There’s been a joke in the software industry that goes something like this:
If automotive technology had kept pace with Silicon Valley, motorists could buy a V-32 engine that goes 10,000 m.p.h. or a 30-pound car that gets 1,000 miles to the gallon — either one at a sticker price of less than $ 50. Detroit's response: "OK. But who would want a car that crashes twice a day?"
It became urban legend that an exchange like this actually happened between Bill Gates and an auto industry executive, either the head of GM or a Ford family member. Interestingly, the item “you’d have to press the start button to shut off the engine” has actually happened in some cars.
The joke makes the point about how different the focus of software engineering can be from the focus of building cars or bridges. In software it’s all about functionality and performance over reliability and security because the implications of an application failing are actually, in many cases, much less severe than those of a car crash or a bridge failure. Sadly, the functionality, performance or time to market often makes a fair business trade-off given customer expectations of software.
In a car, engineers invest more time and cost to address failure or abuse modes and model them so the car can be designed to protect occupants. That picture at the top of this post is my car. It was hit hard as I pulled out from a parallel parking space, and in all likelihood the side curtain airbag saved me from a nasty bang of my head to the left side window. It may be an exaggeration that it saved my life, but thinking how a collision from the side could make the driver’s head hit the side window caused engineers to come up with the mitigation of a side curtain airbag and that certainly made my day!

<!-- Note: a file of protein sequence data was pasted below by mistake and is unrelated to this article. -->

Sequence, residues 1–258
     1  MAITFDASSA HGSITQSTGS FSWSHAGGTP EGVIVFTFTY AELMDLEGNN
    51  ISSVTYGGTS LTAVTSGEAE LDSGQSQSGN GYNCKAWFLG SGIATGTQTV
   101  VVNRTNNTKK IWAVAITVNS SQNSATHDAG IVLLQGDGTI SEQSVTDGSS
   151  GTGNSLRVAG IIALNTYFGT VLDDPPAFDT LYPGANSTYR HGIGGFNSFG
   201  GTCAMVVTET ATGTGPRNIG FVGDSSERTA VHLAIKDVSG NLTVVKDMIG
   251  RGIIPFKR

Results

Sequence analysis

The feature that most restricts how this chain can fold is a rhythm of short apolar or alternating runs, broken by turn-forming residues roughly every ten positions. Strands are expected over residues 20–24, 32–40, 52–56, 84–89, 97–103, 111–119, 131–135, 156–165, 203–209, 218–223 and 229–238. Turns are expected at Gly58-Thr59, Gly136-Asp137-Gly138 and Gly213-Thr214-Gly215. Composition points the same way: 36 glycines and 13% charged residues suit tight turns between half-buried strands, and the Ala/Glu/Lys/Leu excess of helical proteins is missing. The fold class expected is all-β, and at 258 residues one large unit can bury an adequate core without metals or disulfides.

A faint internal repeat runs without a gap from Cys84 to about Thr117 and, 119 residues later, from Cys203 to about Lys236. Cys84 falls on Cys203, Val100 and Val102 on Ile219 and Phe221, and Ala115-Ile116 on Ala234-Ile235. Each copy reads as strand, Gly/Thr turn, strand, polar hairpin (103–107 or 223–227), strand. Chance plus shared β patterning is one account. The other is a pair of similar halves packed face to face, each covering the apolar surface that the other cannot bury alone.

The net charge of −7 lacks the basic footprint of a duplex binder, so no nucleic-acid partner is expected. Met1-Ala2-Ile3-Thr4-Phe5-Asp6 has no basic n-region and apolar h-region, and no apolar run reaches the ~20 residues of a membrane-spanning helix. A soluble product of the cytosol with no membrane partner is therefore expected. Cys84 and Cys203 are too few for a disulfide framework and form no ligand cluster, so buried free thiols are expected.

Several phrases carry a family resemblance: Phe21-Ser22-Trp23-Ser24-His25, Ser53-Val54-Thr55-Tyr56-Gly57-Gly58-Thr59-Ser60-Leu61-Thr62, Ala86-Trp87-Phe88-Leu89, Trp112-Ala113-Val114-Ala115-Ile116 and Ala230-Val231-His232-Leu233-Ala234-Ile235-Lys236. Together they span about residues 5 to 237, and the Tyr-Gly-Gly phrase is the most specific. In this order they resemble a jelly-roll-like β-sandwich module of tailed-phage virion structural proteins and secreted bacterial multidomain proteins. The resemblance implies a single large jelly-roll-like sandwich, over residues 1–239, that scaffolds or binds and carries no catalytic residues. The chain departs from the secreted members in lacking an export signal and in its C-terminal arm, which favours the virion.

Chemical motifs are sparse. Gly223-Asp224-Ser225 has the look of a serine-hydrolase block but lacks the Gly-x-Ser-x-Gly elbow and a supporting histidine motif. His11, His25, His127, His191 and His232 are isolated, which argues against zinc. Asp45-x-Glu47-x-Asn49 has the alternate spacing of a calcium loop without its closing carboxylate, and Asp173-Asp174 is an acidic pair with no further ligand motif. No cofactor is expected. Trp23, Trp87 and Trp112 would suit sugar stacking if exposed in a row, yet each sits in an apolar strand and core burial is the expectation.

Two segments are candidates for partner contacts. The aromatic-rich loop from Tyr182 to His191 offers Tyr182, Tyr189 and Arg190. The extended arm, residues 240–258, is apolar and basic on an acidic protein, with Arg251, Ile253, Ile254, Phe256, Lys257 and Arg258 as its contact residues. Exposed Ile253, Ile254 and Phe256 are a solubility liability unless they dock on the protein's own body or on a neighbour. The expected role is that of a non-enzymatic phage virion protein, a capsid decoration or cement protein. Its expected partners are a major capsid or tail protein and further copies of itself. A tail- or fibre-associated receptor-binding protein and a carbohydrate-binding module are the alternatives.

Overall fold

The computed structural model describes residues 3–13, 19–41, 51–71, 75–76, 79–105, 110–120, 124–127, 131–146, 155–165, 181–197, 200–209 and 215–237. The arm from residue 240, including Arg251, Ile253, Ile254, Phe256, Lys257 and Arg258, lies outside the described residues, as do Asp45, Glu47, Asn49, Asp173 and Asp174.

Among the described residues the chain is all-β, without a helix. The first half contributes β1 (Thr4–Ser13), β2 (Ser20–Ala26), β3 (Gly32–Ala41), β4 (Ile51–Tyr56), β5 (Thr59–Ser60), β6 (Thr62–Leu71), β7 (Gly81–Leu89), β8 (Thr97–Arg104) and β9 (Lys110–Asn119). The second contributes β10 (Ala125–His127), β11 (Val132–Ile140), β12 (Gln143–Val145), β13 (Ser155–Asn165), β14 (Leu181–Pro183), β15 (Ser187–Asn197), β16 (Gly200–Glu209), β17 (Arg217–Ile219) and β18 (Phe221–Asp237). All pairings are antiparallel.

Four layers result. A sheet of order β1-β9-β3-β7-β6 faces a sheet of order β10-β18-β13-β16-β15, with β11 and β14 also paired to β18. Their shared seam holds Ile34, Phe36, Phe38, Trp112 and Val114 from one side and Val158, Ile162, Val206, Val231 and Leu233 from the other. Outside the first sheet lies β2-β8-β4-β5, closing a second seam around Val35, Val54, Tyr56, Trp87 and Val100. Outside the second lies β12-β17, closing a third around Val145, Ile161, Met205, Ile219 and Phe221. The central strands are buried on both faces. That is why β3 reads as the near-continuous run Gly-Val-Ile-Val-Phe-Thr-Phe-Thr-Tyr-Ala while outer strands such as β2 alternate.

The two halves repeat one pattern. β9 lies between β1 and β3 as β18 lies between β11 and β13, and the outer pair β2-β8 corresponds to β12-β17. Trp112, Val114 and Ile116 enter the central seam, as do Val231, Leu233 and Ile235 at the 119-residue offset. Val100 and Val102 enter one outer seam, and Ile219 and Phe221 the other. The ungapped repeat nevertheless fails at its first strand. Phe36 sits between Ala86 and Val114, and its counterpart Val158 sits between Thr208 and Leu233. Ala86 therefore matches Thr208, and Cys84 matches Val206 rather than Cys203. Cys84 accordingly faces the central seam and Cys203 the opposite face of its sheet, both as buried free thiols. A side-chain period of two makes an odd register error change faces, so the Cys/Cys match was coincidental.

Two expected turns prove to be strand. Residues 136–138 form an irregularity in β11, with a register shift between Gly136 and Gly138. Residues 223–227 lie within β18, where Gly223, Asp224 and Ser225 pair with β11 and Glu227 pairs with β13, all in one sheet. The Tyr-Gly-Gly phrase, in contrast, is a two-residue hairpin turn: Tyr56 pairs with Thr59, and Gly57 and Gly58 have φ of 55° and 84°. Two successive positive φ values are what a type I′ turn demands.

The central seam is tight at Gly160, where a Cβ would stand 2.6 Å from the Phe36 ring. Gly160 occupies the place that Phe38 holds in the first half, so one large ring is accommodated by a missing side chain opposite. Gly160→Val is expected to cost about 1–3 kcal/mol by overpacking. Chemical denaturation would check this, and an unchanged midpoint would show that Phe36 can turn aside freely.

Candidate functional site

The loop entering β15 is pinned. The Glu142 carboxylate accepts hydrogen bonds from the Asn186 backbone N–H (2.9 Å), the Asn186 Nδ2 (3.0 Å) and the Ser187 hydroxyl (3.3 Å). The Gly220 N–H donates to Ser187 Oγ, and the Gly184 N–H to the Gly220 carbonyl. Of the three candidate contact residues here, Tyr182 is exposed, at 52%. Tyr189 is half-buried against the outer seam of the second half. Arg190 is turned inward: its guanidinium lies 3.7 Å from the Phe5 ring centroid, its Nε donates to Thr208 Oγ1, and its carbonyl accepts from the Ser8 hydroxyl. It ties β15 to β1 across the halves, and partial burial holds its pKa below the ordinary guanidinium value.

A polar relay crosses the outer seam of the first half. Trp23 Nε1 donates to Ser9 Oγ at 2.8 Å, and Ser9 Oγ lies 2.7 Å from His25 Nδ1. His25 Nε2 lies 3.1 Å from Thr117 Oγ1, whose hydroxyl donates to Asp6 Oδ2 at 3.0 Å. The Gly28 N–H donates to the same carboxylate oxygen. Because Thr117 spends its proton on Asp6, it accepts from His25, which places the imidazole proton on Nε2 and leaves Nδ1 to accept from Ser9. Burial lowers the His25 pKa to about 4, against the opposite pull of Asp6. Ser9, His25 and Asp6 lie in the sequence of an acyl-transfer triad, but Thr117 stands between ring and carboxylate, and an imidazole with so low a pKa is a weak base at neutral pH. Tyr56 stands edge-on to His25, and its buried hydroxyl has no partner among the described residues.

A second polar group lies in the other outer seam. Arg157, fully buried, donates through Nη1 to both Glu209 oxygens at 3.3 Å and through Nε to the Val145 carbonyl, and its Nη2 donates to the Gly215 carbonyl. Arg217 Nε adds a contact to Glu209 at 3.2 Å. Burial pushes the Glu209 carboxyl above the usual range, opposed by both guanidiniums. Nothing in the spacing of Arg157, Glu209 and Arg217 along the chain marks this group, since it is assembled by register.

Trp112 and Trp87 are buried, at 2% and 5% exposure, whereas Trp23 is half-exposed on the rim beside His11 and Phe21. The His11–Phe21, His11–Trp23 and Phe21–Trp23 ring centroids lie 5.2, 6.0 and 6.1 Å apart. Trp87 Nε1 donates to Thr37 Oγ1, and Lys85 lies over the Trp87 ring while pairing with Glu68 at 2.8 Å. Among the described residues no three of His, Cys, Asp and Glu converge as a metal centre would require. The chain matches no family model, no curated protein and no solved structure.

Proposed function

In application security, this process of thinking about attacks to the application and their mitigations is called Threat Modeling.
Threat modeling is one of the key SDL activities that drive many of the other downstream processes in a security conscious software development lifecycle. Thinking about how the application will and will not be attacked allows the designers, architects, developers and testers to address those cases while not wasting time and money on those that are not relevant.
So I can highly recommend two things: (1) A car with side curtain airbags and (2) An SDL for you software development process that includes threat modeling and education on it. Security Innovation can help you with the second, you car company should provide you the first.